Bioenergetics and Regulation of Metabolism

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Thermodynamics and Bioenergetics

Biological Systems
• Considered open systems since they can exchange both heat and matter with their environment
• Energy is exchanged in the form of mechanical work or as heat energy
• Material is exchanged through food consumption and elimination, as well as respiration
• The cellular and subcellular level of an organism is considered to be closed: no exchange of matter with the environment
• Internal energy (sum of all different interactions between and within the atoms in a system) can only be changed through work or heat
• Work is the change in pressure and volume, however, this is usually constant in a living system, so only contributing factor to internal energy is heat.
Enthalpy, Entropy and Free Energy
• Bioenergetics: used to describe energy states in biological systems
• Free energy (DG): provides information about chemical reactions and can predict whether a chemical reaction is favorable and will occur
• Enthalpy and entropy changes are what determines whether a chemical reaction
• Enthalpy: measures the overall change in heat of a system during a reaction
• Equal to the heat exchange when pressure and volume are held constant
• Entropy: measures the degree of disorder or energy dispersion in a system
• Gibb’s Equation relates these three quantities:
• Above equation can determine whether or not a spontaneous reaction will occur.
• Spontaneous reaction proceeds in the forward direction exhibit a net loss of energy and has a negative free energy
• Non-spontaneous are opposite of spontaneous and would be considered spontaneous in the reverse direction
• Free energy approaches zero as a reaction reaches equilibrium
Physiological conditions
• Standard free energy (DG°) is the energy changing occurring at standard conditions of 1 M, pressure of 1 atm and temperature of 25°C
• Modified Standard State: takes into account that a 1 M concentration of protons would result in a highly acidic solution, so the standard proton concentration for these conditions is assumed to be: [H+] = 10-7 M (pH of 7)
• This condition is specified by DG°
• There is a general trend that reactions with more products than reactants have a more negative free energy, vice versa is also true.

The Role of ATP

• Fats are more energy-rich than carbohydrates, proteins or ketones
• Combustion of a fat results in 9 kcal/g while only 4 kcal/g for the others
• This is the reason that fat is preferred for long term storage
• End goal of all energy sources is to have as much readily available energy as possible (ATP is this readily available form)
ATP as an Energy Carrier
• A mid-level energy carrier that is formed from substrate-level phosphorylation and from oxidative phosphorylation
• ATP is a mid-level carrier to minimize any wasted energy.
• If the ATP energy release is greater than required, the added energy is not regained
• Most ATP is produced by mitochondrial ATP synthase, but some is also produced in glycolysis and from the citric acid cycle (indirectly through GTP)
• Consists of an adenosine molecule attached to three phosphate groups
• Generated from ADP and Pi along with energy input
• ATP is consumed through hydrolysis or through the transfer of a phosphate group to another molecule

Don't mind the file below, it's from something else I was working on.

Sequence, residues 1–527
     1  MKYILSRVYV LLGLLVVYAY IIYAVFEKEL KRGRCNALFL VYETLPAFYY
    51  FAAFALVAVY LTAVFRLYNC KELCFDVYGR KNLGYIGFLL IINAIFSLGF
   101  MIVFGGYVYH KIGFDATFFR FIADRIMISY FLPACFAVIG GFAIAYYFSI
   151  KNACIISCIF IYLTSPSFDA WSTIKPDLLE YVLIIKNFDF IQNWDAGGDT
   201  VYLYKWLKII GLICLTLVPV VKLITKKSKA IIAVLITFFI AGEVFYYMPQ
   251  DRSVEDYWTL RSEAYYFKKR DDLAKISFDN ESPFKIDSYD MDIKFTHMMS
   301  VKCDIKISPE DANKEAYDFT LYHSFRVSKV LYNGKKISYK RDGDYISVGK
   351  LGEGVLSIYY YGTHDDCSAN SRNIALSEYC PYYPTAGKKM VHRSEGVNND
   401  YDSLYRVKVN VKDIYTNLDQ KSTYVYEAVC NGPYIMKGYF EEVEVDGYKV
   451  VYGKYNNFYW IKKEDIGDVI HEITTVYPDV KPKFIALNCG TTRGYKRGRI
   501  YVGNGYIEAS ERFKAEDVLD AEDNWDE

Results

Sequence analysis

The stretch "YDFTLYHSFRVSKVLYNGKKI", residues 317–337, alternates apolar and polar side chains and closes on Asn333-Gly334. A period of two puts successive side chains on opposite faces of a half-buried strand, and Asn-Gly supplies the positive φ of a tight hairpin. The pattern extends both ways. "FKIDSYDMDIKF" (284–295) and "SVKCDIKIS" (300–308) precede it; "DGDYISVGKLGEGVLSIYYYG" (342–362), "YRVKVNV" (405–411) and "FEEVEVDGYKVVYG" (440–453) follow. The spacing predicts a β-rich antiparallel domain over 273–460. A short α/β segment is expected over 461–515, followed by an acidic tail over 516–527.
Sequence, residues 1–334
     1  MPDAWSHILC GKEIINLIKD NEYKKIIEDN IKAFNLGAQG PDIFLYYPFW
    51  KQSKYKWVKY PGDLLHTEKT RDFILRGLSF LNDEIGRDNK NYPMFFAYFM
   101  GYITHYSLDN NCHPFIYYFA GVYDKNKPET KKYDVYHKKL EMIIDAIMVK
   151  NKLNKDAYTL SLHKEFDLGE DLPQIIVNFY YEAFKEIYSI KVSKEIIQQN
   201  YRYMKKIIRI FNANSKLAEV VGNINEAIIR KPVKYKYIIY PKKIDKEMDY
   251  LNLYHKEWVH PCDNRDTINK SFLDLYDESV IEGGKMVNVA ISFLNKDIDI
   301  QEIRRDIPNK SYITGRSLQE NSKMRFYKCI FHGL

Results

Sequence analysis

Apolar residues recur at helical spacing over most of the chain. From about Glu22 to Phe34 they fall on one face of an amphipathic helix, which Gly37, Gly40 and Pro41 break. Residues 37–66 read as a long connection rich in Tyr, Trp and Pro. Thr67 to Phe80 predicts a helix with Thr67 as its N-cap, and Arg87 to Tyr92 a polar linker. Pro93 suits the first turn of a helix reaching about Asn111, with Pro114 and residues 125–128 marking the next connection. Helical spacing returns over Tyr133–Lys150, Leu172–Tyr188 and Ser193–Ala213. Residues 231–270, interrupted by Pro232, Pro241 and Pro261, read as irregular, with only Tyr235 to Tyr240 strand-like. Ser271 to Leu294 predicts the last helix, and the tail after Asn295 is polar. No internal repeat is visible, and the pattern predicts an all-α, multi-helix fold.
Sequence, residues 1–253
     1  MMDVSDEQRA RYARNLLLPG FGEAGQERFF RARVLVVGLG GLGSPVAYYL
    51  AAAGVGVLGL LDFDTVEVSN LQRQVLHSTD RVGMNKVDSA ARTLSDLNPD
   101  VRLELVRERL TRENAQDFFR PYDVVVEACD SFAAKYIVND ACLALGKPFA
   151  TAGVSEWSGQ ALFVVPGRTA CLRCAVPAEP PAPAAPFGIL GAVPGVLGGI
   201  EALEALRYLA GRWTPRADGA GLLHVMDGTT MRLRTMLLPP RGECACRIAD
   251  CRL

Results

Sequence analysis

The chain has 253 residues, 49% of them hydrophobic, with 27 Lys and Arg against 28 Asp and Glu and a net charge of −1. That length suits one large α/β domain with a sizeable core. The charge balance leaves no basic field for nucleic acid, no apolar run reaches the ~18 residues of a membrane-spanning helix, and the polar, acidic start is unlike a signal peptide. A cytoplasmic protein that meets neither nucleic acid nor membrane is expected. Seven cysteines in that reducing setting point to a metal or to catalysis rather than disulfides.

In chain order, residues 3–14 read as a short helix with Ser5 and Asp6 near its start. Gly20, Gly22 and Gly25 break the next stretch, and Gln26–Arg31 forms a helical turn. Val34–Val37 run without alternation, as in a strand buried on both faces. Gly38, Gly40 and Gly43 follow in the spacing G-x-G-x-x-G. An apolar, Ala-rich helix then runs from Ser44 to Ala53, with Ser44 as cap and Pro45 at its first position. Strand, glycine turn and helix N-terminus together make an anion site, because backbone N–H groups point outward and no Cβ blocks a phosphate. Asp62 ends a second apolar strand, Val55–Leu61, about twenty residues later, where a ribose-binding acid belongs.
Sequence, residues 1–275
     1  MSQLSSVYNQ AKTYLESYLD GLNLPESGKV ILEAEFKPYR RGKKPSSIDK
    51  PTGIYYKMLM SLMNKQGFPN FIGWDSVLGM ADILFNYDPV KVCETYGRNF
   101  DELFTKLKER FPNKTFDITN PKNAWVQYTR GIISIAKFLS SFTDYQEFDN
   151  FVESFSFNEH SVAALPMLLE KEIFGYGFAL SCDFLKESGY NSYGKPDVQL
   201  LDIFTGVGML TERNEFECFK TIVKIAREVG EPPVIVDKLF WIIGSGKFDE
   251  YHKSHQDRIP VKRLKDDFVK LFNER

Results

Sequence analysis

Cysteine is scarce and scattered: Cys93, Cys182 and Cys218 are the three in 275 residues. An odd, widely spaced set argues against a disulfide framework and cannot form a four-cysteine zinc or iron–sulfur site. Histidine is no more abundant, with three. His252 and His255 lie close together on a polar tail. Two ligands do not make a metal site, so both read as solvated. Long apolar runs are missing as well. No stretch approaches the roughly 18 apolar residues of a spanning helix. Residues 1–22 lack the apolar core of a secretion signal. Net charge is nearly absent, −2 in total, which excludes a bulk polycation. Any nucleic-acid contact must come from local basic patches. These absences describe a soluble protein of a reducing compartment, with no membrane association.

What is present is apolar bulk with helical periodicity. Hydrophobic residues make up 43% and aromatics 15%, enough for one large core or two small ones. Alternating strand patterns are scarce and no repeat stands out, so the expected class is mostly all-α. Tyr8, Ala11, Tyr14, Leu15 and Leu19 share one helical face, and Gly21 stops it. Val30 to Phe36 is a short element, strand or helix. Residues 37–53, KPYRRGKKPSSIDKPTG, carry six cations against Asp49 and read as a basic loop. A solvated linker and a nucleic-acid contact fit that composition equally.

• ATP, ADP & AMP are continuously recycled more than 1000 times per day
• High energy phosphate bonds are what makes ATP such an adept energy carrier
• Negative charges on each group makes the molecule experience repulsive forces
• ADP is more stable due to resonance of losing a phosphate group
• ATP and ADP have similar DG values since they both still experience repulsion, however, AMP has a much smaller free energy value (-30.6 kJ/mol vs -9.5 kJ/mol)
Hydrolysis and Coupling
• ATP hydrolysis will usually occur within a coupled reaction
• These reactions use ATP as an energy source
• E.g. – Movement of sodium and potassium against their gradients
• ATP cleavage: transfer of high-energy phosphate groups from ATP to another molecule
• Generally, activates or inactivates the target molecule
• Also known as phosphoryl group transfers. Overall free energy of the reaction will be determined by taking the sum of the free energies of the individual reactions
Phosphoryl Group Transfers
• ATP is able to provide a phosphate group as a reactant
• E.g. – during glycolysis, ATP donates a phosphate group to glucose to form glucose 6-phosphate

Biological Oxidation and Reduction

Half-Reactions
• Should be able to break down all relevant reactions into their half-reactions
• Helps determine the number of electrons that are being transferred
• Spontaneous reactions have a negative free energy and a positive electromotive force
Electron Carriers
• Several molecules act as high-energy electron carriers in the cytoplasm.
• All are soluble
• Some are used in electron transport chain and subsequently leads to oxidative phosphorylation of ADP to ATP
• Electrons are passed down the transport chain. They end up giving off their free energy to form a proton-motive force across the inner mitochondrial membrane
• There are also membrane-bound electron carriers that are embedded within the inner mitochondrial membrane
• E.g. – Flavin mononucleotide (FMN): This gets bonded to complex I of the ETC and also acts as a soluble electron carrier
• Proteins with prosthetic groups that contain iron-sulfur clusters are particularly well suited for the transport of electrons
Flavoproteins
• Contain a modified vitamin B2 (riboflavin)
• These are nucleic acid derivatives and the two common ones are:
• Most notable for their presence in the mitochondria and chloroplasts as electron carriers
• Also involved in the modification of other B vitamins to their active forms
• Also function as coenzymes for enzymes in:
• the oxidation of fatty acids
• decarboxylation of pyruvate
• reduction of flutathione